On the other hand, a voltage +V or -V not exceeding threshold values is applied to all the picture elements C and D on the non-selected scanning lines. Therefore, the liquid crystal molecules in the picture elements C and D remain in the same first or second stable state which has been obtained in the previous scanning operation. That is, when one scanning line is selected, signals for this selected scanning line are entered or written and these entered or written signals remain unchanged until the scanning line is selected again after one frame has been completely scanned. Therefore, even when the scanning lines are increased in number, a duty ratio remains substantially unchanged and the contrast is not degraded and crosstalk can be completely suppressed. The voltage V and the time period T (=t1 +t2) are dependent upon a liquid crystal used and the thickness of a cell. In general, however, the voltage V is between 3 and 70 volts and the time period T is between 0.1 μsec and 2 msec. Therefore, an electrical signal applied to a selected scanning line causes the change from the first stable state ("bright" state when converted into a light signal) to the second stable state ("dark" state when converted into a light signal), or vice versa.
FIG. 11 shows an embodiment (electrophotographic printer) with a light-path switching means (to be referred to as "an optical shutter" hereinafter in this specification) 1104 of the type described. A photosensitive drum 1101 which is an image-bearing member is rotated in the direction indicated by an arrow 1102 so that the cylindrical surface of the photosensitive drum 1101 is uniformly charged by a charger 1103. The optical shutter 1104 is driven so that light rays emitted from a lamp 1105 disposed behind the optical shutter 1104 are selectively permitted to transmit through the optical shutter 1104. As a result, light signals are generated and illuminated over the charged cylindrical surface of the photosensitive drum 1101, whereby an electrostatic latent image is formed thereon. The electrostatic latent image is developed with a toner supplied from a developer 1106 and is transferred onto a copy sheet P passing through a transfer guide 1107. The copy sheet P onto which is transferred a toner image is gradually separated from the photosensitive drum 1101 by means of a separation belt device 1109 and the toner image is fixed by a fixing device 1110. A part of the toner still remaining upon the cylindrical surface of the photosensitive drum 1101 is removed by a cleaning device 1111 and thereafter the cylindrical surface of the photosensitive drum 1101 is discharged by means of a pre-exposure device 1112. Then, the next cycle of copying operation can be carried out.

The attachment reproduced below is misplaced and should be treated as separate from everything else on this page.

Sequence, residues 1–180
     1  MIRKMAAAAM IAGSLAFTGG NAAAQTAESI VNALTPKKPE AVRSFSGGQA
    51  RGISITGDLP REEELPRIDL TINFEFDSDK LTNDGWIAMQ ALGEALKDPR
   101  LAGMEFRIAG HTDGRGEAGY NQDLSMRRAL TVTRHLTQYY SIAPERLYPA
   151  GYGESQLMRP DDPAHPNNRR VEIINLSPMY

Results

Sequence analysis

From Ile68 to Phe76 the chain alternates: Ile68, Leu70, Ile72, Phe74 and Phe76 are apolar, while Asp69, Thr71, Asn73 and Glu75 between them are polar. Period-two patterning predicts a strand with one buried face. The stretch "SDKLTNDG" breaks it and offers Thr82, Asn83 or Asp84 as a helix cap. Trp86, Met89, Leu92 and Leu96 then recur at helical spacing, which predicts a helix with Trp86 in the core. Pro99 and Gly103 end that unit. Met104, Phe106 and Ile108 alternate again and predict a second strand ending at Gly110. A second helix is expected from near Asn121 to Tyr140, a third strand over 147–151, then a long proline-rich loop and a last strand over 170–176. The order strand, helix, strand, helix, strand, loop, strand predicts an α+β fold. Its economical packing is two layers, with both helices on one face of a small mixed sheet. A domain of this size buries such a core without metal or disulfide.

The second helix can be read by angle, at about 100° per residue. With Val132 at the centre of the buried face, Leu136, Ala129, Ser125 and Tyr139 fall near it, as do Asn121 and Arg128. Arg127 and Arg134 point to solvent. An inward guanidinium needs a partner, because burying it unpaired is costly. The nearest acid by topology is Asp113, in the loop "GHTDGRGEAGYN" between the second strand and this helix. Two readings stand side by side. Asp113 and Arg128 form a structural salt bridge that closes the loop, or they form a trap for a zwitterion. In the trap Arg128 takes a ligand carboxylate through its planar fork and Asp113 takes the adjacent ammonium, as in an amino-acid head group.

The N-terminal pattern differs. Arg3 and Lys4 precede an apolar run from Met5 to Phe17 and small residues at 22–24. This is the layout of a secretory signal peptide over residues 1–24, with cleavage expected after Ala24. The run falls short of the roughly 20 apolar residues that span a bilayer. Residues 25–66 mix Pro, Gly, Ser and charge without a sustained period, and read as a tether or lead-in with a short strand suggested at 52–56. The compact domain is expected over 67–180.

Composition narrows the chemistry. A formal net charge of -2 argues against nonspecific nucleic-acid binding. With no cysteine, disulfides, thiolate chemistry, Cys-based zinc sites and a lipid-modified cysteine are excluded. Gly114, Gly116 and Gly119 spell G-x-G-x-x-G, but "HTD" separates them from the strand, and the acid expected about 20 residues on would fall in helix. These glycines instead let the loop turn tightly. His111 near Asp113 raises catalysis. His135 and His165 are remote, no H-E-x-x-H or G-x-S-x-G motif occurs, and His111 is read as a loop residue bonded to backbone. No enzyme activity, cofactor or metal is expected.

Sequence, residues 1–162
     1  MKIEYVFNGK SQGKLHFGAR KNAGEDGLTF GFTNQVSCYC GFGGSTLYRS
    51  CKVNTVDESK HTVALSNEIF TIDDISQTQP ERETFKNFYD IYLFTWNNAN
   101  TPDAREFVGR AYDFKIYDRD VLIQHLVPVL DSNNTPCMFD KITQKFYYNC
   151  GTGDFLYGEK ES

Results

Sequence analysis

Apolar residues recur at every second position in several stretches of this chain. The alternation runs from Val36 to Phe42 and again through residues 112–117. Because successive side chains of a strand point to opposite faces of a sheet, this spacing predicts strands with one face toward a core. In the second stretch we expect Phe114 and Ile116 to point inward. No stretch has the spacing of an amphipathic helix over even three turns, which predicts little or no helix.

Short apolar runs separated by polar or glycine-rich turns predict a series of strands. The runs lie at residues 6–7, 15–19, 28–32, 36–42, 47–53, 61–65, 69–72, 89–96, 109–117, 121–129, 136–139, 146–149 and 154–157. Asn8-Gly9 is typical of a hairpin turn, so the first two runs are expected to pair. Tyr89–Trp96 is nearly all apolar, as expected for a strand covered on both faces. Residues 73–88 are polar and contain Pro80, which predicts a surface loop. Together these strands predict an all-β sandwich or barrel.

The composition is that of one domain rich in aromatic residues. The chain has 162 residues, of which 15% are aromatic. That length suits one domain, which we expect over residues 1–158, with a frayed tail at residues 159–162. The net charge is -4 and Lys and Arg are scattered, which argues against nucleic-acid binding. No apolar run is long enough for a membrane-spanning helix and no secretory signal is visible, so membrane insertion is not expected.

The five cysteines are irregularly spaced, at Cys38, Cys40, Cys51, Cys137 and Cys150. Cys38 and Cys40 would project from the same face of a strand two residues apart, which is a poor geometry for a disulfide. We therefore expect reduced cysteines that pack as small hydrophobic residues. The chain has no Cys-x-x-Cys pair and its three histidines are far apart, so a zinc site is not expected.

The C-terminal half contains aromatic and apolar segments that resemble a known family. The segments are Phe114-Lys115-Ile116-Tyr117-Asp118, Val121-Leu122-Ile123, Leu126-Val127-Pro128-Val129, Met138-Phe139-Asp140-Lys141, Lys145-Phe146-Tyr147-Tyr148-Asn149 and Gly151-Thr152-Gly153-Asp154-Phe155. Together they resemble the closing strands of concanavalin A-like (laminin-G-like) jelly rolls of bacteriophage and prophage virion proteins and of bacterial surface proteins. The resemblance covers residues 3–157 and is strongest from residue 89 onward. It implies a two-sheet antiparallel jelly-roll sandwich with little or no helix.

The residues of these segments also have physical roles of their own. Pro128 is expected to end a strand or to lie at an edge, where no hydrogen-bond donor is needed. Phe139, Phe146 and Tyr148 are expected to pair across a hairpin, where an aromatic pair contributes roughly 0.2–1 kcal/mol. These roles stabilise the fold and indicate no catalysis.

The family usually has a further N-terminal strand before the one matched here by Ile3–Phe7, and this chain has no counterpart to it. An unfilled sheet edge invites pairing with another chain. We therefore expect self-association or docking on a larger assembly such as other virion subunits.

The optical shutter 1104 shown in FIG. 11 utilizes a ferroelectric liquid crystal of the type described above. That is, the light rays emitted from the exposure light source 1105 are focused through the optical shutter 1104 and a lens array 1113 over the cylindrical surface of the photosensitive drum 1101. In this case, a liquid crystal drive circuit 1114 is energized in response to digital signals including image information obtained from an original information reader or the like (not shown) so that light signals representative of an image information pattern are exposed over the cylindrical surface of the photosensitive drum 1101 by turning on and off the ferroelectric liquid crystal optical shutter. In this embodiment, the exposure light source 1105 has the function of heating a liquid crystal cell and a liquid crystal cooling fan 1117 is driven by a liquid crystal temperature control circuit 1116 connected to a temperature sensor 1120 so as to prevent overheating of the liquid crystal cell and maintain the liquid crystal cell at a predetermined temperature. In FIG. 11, reference numeral 1118 denotes a light reflector; and 1119, a member for mounting the lens array 1113 on the liquid crystal shutter.